Girl Talk: Tiny Tots, High Heels

I am not a mother, so far be it from me to judge the appropriateness of outfits mothers choose for their children, but having just read Melinda Tankard Reist's Getting Real: Challenging the Sexualisation of Girls, in addition to Germaine Greer's piece on heel fetishism in The Australian Women's Weekly and M G Durham's piece, Lost youth: turning young girls into sex symbols, c/o The Guardian this week, this image of Suri Cruise in Who magazine, as well as the glossy celebratory omnipresence of 13-year-old blogger Tavi (as seen in Grazia this week), has given me pause for thought.

"Suri Cruise wasn't about to allow a little thing like her age – 3 – stop her from cutting a perfectly accessorised figure in a ra-ra skirt and peep-toes (teamed with shell-shaped bag) for a stroll with mother Katie Holmes in Boston on Sept. 21," reports Who. "The city clearly appeals to Suri's inner fashionista. A day earlier, she wore pink lipgloss (applied toddler-style) to match her shoes and top. Suri's eye for colour has been on display before. On July 2, soon after the family descended on Melbourne, Suri and her dad picked up for lipglosss ay Myer's Becca and Bloom counters."

When did wearing heels (and sheer stockings, in the case of Tavi) become less of a symbolic teenage right of passage into full-blown womanhood and more of a birth right? When did playing dress-ups in mum's clompy shoes turn into having a wardrobe of Carrie Bradshaw heels to call your own?

"You can shop online for high-heeled shoes for baby girls aged naught to six months, which seems rather early to be introducing someone to a fetish, unless it's meant to work as aversion therapy," writes Greer in The Weekly.

According to Emma Rush, who writes 'What are the risks of premature sexualisation for children' in Reist's Getting Real, "sexualisation of children occurs when 'the slowly developing sexuality of children' is 'moulded into stereotypical forms of adult sexuality' (Rush and La Nauze, 2006, p.1.)."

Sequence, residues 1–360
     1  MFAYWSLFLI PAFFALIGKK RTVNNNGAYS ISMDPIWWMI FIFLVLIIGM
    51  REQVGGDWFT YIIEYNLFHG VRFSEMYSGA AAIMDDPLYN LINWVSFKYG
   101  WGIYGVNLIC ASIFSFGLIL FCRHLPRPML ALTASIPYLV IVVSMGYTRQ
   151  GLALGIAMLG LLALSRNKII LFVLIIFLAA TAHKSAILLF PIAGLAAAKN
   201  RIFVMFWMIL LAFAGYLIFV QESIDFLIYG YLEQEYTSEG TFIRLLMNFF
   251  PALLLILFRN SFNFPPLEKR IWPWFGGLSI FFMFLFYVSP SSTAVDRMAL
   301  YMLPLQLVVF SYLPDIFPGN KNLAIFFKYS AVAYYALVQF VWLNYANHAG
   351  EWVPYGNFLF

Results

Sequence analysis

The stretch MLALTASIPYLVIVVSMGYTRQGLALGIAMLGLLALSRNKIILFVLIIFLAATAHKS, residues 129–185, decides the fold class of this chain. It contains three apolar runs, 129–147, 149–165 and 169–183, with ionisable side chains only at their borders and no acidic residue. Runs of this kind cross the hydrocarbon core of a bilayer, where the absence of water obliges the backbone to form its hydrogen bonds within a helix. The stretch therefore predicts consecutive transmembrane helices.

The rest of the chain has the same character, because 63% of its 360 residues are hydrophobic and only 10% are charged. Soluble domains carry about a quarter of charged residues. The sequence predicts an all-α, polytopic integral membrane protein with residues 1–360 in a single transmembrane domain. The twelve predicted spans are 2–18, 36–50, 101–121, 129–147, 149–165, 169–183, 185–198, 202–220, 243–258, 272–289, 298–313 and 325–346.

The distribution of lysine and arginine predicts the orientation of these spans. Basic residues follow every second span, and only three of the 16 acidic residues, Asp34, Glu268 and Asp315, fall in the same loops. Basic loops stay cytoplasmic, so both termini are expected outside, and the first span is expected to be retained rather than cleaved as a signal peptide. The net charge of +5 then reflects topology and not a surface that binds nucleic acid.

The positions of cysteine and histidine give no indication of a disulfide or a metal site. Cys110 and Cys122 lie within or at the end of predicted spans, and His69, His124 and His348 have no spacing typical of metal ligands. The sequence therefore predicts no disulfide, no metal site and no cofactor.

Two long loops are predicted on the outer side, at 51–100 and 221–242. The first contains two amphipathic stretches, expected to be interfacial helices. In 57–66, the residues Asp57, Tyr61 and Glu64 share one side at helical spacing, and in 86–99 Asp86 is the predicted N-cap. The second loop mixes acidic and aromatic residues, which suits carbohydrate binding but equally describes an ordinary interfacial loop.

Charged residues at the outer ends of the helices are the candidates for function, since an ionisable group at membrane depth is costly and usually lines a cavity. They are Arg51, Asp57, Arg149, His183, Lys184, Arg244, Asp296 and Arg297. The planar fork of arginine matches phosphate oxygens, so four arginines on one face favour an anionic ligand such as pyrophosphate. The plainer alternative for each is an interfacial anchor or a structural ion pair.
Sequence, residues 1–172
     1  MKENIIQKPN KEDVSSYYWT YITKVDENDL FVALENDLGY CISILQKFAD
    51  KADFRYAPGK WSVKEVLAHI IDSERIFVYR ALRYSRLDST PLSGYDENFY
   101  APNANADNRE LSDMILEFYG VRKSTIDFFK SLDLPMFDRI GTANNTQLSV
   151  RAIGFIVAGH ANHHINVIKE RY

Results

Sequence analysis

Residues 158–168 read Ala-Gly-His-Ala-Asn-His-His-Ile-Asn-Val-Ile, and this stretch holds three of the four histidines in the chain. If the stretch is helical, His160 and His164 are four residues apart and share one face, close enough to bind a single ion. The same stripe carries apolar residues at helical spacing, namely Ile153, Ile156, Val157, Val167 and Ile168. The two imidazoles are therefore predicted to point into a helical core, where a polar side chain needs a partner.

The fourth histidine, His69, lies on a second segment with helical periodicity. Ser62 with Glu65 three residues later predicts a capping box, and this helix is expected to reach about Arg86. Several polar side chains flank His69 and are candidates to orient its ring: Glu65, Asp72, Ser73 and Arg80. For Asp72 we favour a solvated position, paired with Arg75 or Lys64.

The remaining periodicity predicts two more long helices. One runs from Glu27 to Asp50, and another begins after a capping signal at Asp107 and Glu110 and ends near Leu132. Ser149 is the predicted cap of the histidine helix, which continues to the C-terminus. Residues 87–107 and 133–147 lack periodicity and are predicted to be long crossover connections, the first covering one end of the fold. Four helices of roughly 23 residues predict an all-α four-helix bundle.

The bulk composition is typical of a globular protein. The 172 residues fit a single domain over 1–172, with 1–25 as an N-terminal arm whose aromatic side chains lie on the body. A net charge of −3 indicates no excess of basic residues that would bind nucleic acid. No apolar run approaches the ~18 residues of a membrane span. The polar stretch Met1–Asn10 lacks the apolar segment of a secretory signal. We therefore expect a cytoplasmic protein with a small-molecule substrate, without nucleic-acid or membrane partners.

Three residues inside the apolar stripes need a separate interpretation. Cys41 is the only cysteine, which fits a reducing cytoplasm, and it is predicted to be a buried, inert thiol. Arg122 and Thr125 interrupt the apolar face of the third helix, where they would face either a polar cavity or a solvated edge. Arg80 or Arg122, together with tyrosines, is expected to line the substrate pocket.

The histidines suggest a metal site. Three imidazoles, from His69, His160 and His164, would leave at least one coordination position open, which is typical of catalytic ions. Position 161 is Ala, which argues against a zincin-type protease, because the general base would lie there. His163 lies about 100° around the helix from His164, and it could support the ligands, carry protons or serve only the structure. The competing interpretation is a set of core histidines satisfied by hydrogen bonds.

"This results from two quite different cultural processes, both driven by commercial interests," continues Rush. "As advertising and popular culture have become more heavily sexualised (to the point where some scholars speak of the 'pornification' of culture more generally), the impact upon children has increased. The other cultural process that sexualises children is relatively new. It involves sexualising products being sold specifically for children, and children themselves being presented in images or directed to act in advertisements in ways modelled on adult sexual behaviour... Sexualising products are products linked to cultural norms of sexual attractiveness. Such products were previously reserved for teenagers and adults but are now sold directly to girls of primary school age, for example, bras, platform shoes, lip gloss, fake nails, and so on."

As the writers in Getting Real suggest (it's a confronting read, by the way, but I think a necessary one to counter-balance the prevalent powers of commercialism), the premature sexualisation of girls can lead to all sorts of trouble, including retarded cognitive and emotional development, mental health problems and damaged sexual development.

"With girls spending more and more time in their bedrooms worrying about how they look and what to wear, they are missing out on the invaluable life experiences needed to develop, and to draw on in difficult situations," writes Maggie Hamilton in Getting Real. "Neuroscientist Susan Greenfield is now seeing 11-year-olds two to three years behind in cognitive development than 11-year-olds were fifteen years ago. Girls need human interaction, nourishing food and play, and to be directly engaged in life, for their brains to develop. Without these factors, Susan Greenfield believes, their ability to make sense of the world and express themselves creatively will continue to decline."

Does this put precocious fashionistas Suri and Tavi at risk? And what does the fawning media attention that they garner tell other young women? Are we creating too narrow a view of what it means to be a girl in 2009? And of what it means to be a popular girl, celebrated for her ensembles rather than her kindness or academic achievements?

"Girls should be rewarded for thinking for themselves, exploring meaning and values and making a mark in the world that goes beyond the airhead cult of celebrity and fashion," writes Tankard Reist. "Girls need to be able to discern what is good and valuable and dismiss the rubbish... The world needs girls who desire to be whole, well rounded citizens of the world."

Yours truly,
Girl With a Satchel


Anonymous said...

Aside from the physical implications of cramming developing feet into heels, I don't see a problem. I remember when I was a kid, tramping around in mum's heels was the funnest thing, like, EVER! Whatever happened to kids just having a good time playing dress-ups?!

KF said...

I used to LOVE my plastic high heels with little bows and a plastic badge of Disney's Cinderella on the tow.... they came in a pack with a matching handbag and necklace and I INSISTED on wearing them everywhere as a budding 4-year old fashionista....

Everyone is reading far too much into Suri's shoes

Anonymous said...